Earlier, I wrote a general post, It’s not about you, that discussed the importance of focusing on business and people impacts, not your own personal feelings, when you are e-mailing. Today, I would like to take a look at this in my own career.
There was a time when I was young and foolish, when I thought that the fact that something troubled me was enough to warrant pushing for corporate change. In this case, it had to to with the way certain aspects of customer intake where handled in the organization. I wrote to my boss, in copy to his superior, that I was spending too much time on something I didn’t think was my job. I imagine my boss heard about it from his superior. I know I heard about it in all directions. And with good reason: I had kicked up a fuss without offering either a definition of the problem nor any good solutions.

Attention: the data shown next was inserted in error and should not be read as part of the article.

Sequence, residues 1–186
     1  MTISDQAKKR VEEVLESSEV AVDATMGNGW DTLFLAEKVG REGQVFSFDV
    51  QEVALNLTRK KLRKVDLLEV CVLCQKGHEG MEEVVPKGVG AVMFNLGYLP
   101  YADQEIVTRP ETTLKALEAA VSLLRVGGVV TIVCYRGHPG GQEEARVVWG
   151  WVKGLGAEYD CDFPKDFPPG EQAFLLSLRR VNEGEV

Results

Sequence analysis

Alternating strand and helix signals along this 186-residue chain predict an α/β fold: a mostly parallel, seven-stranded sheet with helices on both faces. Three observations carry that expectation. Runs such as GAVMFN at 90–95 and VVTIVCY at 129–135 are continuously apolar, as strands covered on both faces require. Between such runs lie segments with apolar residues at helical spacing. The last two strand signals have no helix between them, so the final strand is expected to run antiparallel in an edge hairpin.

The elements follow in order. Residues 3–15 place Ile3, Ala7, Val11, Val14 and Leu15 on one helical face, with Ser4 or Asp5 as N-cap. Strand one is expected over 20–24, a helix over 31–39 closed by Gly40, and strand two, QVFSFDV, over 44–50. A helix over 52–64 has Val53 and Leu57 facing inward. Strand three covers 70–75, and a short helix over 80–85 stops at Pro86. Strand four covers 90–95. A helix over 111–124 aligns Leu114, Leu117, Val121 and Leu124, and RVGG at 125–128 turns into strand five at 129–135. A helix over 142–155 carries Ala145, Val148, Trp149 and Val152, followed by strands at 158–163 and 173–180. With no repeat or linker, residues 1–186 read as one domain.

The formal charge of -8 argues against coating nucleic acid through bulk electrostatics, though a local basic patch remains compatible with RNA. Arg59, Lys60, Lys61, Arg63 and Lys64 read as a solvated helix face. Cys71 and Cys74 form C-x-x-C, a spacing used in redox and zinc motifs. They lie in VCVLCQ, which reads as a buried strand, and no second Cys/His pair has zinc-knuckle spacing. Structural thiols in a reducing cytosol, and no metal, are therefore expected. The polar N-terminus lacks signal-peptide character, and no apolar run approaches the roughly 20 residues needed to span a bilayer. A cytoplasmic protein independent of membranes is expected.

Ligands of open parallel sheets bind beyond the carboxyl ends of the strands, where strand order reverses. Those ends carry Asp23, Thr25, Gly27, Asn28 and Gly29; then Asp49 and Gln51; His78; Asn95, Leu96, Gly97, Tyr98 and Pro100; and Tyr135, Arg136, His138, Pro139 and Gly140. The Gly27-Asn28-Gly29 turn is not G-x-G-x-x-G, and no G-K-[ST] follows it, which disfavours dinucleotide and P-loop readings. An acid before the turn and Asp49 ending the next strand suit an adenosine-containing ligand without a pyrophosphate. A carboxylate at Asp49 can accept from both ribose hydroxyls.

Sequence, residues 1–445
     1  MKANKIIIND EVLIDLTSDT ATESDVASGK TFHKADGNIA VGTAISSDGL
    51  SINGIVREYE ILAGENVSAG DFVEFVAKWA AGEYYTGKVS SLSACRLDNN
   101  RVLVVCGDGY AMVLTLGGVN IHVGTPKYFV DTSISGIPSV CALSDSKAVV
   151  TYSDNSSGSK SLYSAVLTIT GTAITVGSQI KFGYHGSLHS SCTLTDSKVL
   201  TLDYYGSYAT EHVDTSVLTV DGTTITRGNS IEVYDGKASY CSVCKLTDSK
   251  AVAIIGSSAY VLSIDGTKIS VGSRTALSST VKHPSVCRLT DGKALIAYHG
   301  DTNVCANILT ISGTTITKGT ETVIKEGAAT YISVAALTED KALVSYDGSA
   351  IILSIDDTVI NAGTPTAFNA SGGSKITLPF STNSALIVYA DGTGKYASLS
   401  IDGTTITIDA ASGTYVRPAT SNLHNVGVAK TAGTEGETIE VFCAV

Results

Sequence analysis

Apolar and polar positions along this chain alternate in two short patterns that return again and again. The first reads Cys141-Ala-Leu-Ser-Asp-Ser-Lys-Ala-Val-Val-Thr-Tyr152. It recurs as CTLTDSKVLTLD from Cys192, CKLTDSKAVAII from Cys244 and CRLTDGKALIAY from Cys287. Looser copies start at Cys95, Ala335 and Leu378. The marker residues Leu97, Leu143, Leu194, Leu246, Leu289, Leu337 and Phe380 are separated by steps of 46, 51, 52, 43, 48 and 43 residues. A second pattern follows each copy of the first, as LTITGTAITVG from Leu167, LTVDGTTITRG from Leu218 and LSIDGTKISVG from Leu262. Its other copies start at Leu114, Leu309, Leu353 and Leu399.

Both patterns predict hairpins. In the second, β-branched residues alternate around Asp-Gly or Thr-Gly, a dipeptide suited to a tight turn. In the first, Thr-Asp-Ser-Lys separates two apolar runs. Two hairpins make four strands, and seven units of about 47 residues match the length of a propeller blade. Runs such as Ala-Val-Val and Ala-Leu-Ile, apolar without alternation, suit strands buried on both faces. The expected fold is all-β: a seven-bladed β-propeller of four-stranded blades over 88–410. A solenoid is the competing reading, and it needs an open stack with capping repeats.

I subsequently backed up and made some adjustments to my own workflow. And I discovered that I could work with the adjustments in a way that was satisfactory to me. But the business results in customer intake faltered. Here, then, was a problem not for me, but for the organization. And as I looked at it, I realized that I myself did not have enough cycles to fix it – I was hourly and not allowed overtime. This time I pulled up the numbers, made graphs of several inputs and outputs, and showed that there was a cost to the way we were doing things. This time, when I wrote, I closed by noting that in my own role, things were working fine – no negative feedback on metrics related specifically to my job description – but that what was happening wasn’t healthy for the business.
My second e-mail got a lot more attention because it was not about me, but about the business. It wasn’t based on feelings, but on data. And it didn’t simply say that something wasn’t right, it highlighted missed opportunities. This prompted a review of the workflow in the office and this time changes were made.
I’ve learned a lot since then – it was more than a decade ago – and since then I have helped others avoid the same mistake I made.
To learn more about how I can help you, please visit my main page at career-communication.com.